Life

Milltown brought to life

Former lord mayor of Belfast Tom Hartley has written a history of Milltown Cemetery whose stories and personalities trace the complex history of Belfast over the past 150 years. He spoke to Jenny Lee

TO MANY Milltown Cemetery is synonymous with loyalist gunman Michael Stone's triple murder attack in 1988. But the burial ground of the Catholic community in Belfast for almost 150 years tells so much more than the memories of our troubled past.

The graves of mill workers, labourers, clergy, Italian immigrants, victims of the Blitz, soldiers of the First and Second World Wars, political activists, IRA volunteers, republicans and victims of the Troubles all illustrate the social, religious and political life of Belfast over two centuries. "Like my own parents and grandparents, the vast majority of people who are buried in Milltown are ordinary but they lived through extraordinary times. Their stories bring depth and colour to the dynamic narrative that constitutes the history of Belfast," says historian, and former Sinn Fein councillor, Tom Hartley who spent six years researching the cemetery for his most recent book.

Milltown Cemetery: The History of Belfast, Written in Stone includes detailed entries on more than 300 noteworthy graves and offers a comprehensive history of the Catholic community in Belfast. "Milltown has a complex layout because after it's opening in 1869 it developed in five or six different periods and with each extension came a new way of recording graves. So one of the things I tried to do was go through the graveyard taking photographs of the headstones per section and building up a map of the cemetery, which Milltown now use," he explains.

The biggest themes to emerge from the book are the city's religious and political history. "Through the story of the cemetery we see the development of the Church at the later end of the 19th century where you have a very powerful bishop in Patrick Dorrian [Catholic Bishop of Down and Connor] who begins to bring a whole series of orders into the city - including the Dominicans, the Christian Brothers, the De La Salle Brothers, the Cross and Passion Nuns, the Sisters of Charity," explains Hartley.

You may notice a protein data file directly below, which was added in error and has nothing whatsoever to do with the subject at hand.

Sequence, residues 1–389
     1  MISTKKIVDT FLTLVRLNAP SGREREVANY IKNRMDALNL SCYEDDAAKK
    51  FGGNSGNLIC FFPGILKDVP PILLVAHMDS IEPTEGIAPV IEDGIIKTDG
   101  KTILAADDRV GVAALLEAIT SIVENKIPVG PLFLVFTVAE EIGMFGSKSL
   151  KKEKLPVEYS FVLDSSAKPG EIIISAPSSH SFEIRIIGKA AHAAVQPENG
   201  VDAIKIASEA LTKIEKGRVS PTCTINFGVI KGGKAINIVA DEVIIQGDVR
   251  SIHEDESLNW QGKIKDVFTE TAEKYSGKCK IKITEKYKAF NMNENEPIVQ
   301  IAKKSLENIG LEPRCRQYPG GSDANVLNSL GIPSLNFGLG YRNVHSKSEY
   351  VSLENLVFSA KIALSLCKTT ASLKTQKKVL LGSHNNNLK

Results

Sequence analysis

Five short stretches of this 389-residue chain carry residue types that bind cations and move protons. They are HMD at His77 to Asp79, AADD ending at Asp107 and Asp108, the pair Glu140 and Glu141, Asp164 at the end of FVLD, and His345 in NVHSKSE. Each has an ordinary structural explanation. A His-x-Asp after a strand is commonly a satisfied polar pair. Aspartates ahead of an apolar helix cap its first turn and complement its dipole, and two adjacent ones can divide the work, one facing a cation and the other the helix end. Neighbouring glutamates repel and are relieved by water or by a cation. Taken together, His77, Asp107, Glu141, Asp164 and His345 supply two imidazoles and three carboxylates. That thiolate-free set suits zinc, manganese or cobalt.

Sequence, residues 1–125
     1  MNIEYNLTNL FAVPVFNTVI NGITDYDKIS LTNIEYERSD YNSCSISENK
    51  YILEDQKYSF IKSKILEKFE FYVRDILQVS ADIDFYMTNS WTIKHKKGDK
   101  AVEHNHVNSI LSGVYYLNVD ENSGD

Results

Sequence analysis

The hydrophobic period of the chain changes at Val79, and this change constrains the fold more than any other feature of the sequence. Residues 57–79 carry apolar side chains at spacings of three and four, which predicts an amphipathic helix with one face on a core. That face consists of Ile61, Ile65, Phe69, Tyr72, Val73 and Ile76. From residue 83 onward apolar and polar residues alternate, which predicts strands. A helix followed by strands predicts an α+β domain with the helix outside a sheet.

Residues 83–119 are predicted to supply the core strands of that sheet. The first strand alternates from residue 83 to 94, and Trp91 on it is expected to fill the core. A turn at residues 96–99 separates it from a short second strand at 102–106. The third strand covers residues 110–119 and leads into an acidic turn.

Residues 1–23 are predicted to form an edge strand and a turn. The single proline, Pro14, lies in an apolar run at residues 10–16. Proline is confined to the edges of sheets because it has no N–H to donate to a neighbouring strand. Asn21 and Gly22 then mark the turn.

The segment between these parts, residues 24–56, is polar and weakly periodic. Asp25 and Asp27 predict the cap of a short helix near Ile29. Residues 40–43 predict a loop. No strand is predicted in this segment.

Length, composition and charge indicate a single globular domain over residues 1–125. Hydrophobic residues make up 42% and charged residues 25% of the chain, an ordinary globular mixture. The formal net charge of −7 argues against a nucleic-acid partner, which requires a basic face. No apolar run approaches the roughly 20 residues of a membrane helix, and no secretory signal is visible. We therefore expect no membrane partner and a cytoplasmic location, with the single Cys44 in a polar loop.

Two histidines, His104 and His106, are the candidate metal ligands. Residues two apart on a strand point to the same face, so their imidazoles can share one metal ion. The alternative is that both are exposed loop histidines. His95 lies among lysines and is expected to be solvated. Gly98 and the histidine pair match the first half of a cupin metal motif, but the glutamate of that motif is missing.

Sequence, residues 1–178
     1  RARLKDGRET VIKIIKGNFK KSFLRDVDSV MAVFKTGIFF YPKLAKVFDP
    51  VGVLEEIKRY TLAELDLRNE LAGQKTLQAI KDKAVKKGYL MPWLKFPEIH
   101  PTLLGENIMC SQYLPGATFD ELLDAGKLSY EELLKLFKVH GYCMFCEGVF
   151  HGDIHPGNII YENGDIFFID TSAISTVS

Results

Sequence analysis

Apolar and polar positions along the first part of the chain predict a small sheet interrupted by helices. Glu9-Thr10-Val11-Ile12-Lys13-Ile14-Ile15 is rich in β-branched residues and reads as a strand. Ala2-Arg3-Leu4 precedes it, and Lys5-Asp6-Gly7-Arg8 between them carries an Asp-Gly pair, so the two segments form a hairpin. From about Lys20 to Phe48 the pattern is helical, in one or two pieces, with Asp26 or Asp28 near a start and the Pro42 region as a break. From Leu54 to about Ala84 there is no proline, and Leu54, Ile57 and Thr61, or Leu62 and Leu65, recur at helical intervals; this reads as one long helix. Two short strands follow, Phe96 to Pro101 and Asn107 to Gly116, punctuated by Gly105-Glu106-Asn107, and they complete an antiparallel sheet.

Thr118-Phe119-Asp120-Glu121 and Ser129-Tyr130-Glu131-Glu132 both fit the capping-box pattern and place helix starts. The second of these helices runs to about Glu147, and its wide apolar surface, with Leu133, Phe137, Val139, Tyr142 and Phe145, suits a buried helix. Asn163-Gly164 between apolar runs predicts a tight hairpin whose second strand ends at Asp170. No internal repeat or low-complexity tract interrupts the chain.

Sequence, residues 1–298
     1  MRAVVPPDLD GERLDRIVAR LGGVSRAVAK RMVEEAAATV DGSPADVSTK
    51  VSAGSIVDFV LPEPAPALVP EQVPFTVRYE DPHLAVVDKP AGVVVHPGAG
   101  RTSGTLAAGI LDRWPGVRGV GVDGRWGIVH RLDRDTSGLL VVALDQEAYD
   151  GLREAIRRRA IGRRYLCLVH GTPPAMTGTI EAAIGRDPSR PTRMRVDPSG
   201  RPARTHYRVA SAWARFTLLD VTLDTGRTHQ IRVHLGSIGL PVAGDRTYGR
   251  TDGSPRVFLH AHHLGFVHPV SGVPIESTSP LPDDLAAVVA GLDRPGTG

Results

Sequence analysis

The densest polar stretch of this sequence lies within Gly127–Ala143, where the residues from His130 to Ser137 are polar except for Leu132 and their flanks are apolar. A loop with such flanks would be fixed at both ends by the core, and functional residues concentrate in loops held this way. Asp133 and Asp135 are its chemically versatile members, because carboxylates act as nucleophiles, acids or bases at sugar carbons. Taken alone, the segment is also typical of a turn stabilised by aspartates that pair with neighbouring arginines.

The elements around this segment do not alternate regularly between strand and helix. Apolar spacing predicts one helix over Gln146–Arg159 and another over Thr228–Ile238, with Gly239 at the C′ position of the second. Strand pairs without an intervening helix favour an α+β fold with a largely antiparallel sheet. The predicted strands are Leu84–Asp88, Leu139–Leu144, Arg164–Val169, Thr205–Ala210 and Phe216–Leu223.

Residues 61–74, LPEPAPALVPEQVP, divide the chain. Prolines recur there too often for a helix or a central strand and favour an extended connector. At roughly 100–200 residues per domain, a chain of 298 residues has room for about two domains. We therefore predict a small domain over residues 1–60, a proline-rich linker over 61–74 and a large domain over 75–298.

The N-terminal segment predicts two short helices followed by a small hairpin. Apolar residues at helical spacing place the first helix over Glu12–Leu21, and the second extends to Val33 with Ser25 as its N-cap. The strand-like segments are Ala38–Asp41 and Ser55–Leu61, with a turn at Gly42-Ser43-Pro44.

The author had to dig deep, examining birth and death certificates, census records, street directories and talking to individual families. "It was very difficult to find details on those from the 1840s, 50s and 60s - so that took a lot of persistence and detective work. Often when you're looking at the story of an individual you will find one wee fact that brings it all together and it falls into place," he says.

One of the biggest stories to emerge from his research was the McKelvey family who were originally from Stewartstown, Co Tyrone," enthuses Hartley. "Patrick McKelvey brought the family into Belfast at the beginning of the First World War and then enlisted in the British army. He died two years later and is buried in a grave under the care of the Commonwealth War Graves Commission. Around the same time, his son Joe became a leading member of the IRA. Just one hundred yards from his father's war grave lies Joe McKelvey, buried in a republican plot. That's quite unique." The trauma of conflict can be seen on the inscriptions carried on many family headstones. Many other headstones of those who lost their lives in conflict carry only their names and dates without any reference to the brutal circumstance of death. But as well as RIC and IRA graves, you find the graves of Belfast men who served in the British army - from the Crimean War to the Second World War. "There was a Belfast man who was in the British army and after the partition he joined the free-state army - ended up in the Guards and eventually goes to Spain to fight in the Spanish Civil War. I always say there's not one narrative that tells our story." Like most other large burial grounds, the story of the poor is hidden from our view. Their graves are part of an anonymous mass. In Milltown they constitute 75,000 bodies or 38 per cent of those buried in the cemetery.

The vast majority includes still born children and children who died in childbirth.

The story of Milltown Cemetery is also the story of artists and painters, musicians and craftsmen, of architects, harp makers and uilleann pipers, sports and business people," Hartley says. "There is a great mix of personalities and an amazing mix of creative people buried there which highlight the contribution Catholics made in the arts and in the revival of the Irish language." These include artists Gerard Dillon and Daniel O'Neil, singer Kathleen Largey, actor JD Devlin and Frank Laverty, one of the founders of Belfast Celtic. "There's so much there to give us a sense of who we are and where we come from," adds Hartley who is continuing his passion for discovering the past by now researching Balmoral Cemetery.

Milltown Cemetery: The History of Belfast, Written in Stone by Tom Hartley is published by Blackstaff Press, which has also published a revised and expanded edition of the acclaimed The History of Belfast, Written in Stone: Belfast City Cemetery.

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